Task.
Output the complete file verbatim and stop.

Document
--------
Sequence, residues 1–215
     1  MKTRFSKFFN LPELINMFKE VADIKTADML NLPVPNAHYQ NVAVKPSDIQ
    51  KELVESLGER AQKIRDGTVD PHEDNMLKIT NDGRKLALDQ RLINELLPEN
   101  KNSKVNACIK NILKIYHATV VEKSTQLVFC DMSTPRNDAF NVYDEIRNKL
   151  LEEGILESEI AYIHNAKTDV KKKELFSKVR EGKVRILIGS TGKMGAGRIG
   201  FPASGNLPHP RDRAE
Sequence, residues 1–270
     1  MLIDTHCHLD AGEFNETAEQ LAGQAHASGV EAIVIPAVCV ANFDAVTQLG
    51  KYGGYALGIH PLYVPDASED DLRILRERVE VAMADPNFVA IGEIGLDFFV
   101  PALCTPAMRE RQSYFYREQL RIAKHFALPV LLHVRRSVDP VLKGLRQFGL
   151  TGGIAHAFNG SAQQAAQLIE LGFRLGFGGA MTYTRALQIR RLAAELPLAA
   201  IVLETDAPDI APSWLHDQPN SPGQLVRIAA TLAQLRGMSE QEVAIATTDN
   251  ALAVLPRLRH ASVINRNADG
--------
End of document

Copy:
Sequence, residues 1–215
     1  MKTRFSKFFN LPELINMFKE VADIKTADML NLPVPNAHYQ NVAVKPSDIQ
    51  KELVESLGER AQKIRDGTVD PHEDNMLKIT NDGRKLALDQ RLINELLPEN
   101  KNSKVNACIK NILKIYHATV VEKSTQLVFC DMSTPRNDAF NVYDEIRNKL
   151  LEEGILESEI AYIHNAKTDV KKKELFSKVR EGKVRILIGS TGKMGAGRIG
   201  FPASGNLPHP RDRAE
Sequence, residues 1–270
     1  MLIDTHCHLD AGEFNETAEQ LAGQAHASGV EAIVIPAVCV ANFDAVTQLG
    51  KYGGYALGIH PLYVPDASED DLRILRERVE VAMADPNFVA IGEIGLDFFV
   101  PALCTPAMRE RQSYFYREQL RIAKHFALPV LLHVRRSVDP VLKGLRQFGL
   151  TGGIAHAFNG SAQQAAQLIE LGFRLGFGGA MTYTRALQIR RLAAELPLAA
   201  IVLETDAPDI APSWLHDQPN SPGQLVRIAA TLAQLRGMSE QEVAIATTDN
   251  ALAVLPRLRH ASVINRNADG